Create automated response when prompted.

I'm trying to make things easier by having end users just run a script to automatically set "\\prtcen\SmartPrint" (Network printer on our domain) as the default printer. I got a script online thats similar, but it prompts me to type the printer name. I'm fairly new to powershell and I'm unsure of how I will be able to set an automatic response for the printer. please help.


[CmdletBinding(SupportsShouldProcess = $true)]

#Get the infos of all printer
$Printers = Get-WmiObject -Class Win32_Printer

If($PSCmdlet.ShouldProcess("$PrinterName","Set the default printer"))
Write-Verbose "Get the specified printer info."
$Printer = $Printers | Where{$_.Name -eq "$PrinterName"}

Write-Verbose "Setting the default printer."
$Printer.SetDefaultPrinter() | Out-Null
EHCO "\\prtcen\SmartPrint"

Write-Host "Successfully set the default printer."
Write-Warning "Cannot find the specified printer."
$ErrorMsg = $_.Exception.Message
Write-Host $ErrorMsg -BackgroundColor Red

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  • Why are you doing this a user interactive script vs GPO, take the user interaction out of the picture, no coding needed?

    Just web search for --- 'gpo set default printer', and get stuff like this...

     GP Preferences: Add a new printer, set as default

     Videos of gpo set default printer

    Don't try an reinvent the wheel, unless you know it is really a better wheel, or a learning process.

    We all love PowerShell, but there are thing already built into Windows to do this sort of thing.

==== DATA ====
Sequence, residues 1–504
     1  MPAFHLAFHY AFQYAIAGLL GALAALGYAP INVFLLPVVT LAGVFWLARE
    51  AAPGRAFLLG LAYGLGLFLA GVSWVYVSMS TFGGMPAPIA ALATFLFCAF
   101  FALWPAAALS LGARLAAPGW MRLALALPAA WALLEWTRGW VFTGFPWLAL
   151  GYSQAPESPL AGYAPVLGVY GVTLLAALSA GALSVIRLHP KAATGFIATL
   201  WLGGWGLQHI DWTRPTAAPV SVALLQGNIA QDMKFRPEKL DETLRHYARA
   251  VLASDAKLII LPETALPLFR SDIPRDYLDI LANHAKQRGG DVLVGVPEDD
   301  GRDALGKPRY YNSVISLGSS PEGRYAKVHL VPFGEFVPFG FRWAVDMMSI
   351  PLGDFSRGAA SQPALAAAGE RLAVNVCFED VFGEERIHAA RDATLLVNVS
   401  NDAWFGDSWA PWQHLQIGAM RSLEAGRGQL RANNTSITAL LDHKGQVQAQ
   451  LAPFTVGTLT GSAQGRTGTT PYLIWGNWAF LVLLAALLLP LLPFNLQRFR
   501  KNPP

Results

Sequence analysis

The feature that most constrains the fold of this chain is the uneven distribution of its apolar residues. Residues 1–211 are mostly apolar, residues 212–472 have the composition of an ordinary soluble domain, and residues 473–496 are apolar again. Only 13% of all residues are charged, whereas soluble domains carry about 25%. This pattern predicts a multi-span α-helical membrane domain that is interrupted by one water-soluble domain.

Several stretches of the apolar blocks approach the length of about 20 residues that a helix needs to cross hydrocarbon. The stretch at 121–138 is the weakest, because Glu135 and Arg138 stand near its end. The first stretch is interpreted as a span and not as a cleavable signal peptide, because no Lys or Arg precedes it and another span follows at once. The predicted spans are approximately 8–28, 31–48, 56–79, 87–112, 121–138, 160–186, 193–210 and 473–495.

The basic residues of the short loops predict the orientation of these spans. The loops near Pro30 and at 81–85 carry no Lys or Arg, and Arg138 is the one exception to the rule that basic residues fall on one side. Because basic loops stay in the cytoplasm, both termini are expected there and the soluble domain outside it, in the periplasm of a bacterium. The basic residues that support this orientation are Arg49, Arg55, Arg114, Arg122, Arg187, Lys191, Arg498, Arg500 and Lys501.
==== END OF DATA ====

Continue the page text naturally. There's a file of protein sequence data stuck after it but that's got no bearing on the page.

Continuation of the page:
PowerShell can do a tremendous amount of things, but it is not the default answer to everything, especially for one off items like what you appear to be after here.

    As for this...

    "I'm fairly new to powershell"

    ... that's all well and good. We all had to start from somewhere., but... Spend the needed time learning this stuff, to limit, avoid, bad code, misconceptions, unnecessary errors, bad habits and the like. Don't stress yourself, take advantage of all the free / no cost resources available.


    There is a MS MOC, and there are online courses.
    Yet there are many free / no cost approaches.
    Youtube (Microsoft MSDN Channel9 has a bunch of PowerShell items as well. ) - and just search ---
    'beginning powershell'
    'intermediate powershell'
    'advanced powershell'
    'PowerShell using Active Directory'
    'powershell Powergui'
    'Powershell working with files and folders'
    .. yadda, yadda.

    There are tons of free / no cost / low cost, eBooks and references.

    This question gets asked a lot on many forums and Q&A sites. Bascailly, stop using cmd.exe, and alwqays use PowerShell for everything you do, where you'd use cmd.exe and do things only using the equivalent PowerShell cmdlet. Use the help files and the help file examples to get going.

    See also posts here for other resource suggestions here:
    Learning this stuff.
    Best Practices

    Windows PowerShell Survival Guide

    Practice with PSKoans
    PSKoans : 0.50.0
    A module designed to provide a crash-course introduction to PowerShell with programming koans.

    Book references, normally the ones you'll see most recommend:

    Beginning ---
    Learn Windows PowerShell in a Month of Lunches 3rd Edition
    Donald W. Jones (Author),‎ Jeffrey Hicks (Author)
    ISBN-13: 978-1617294167
    ISBN-10: 1617294160

    Internediate ---
    Windows PowerShell Cookbook: The Complete Guide to Scripting Microsoft's Command Shell 3rd Edition
    Lee Holmes (Author)
    ISBN-13: 978-1449320683
    ISBN-10: 1449320686

    Advanced ---
    Windows PowerShell in Action 3rd Edition
    by Bruce Payette (Author),‎ Richard Siddaway (Author)
    ISBN-13: 978-1633430297
    ISBN-10: 1633430294

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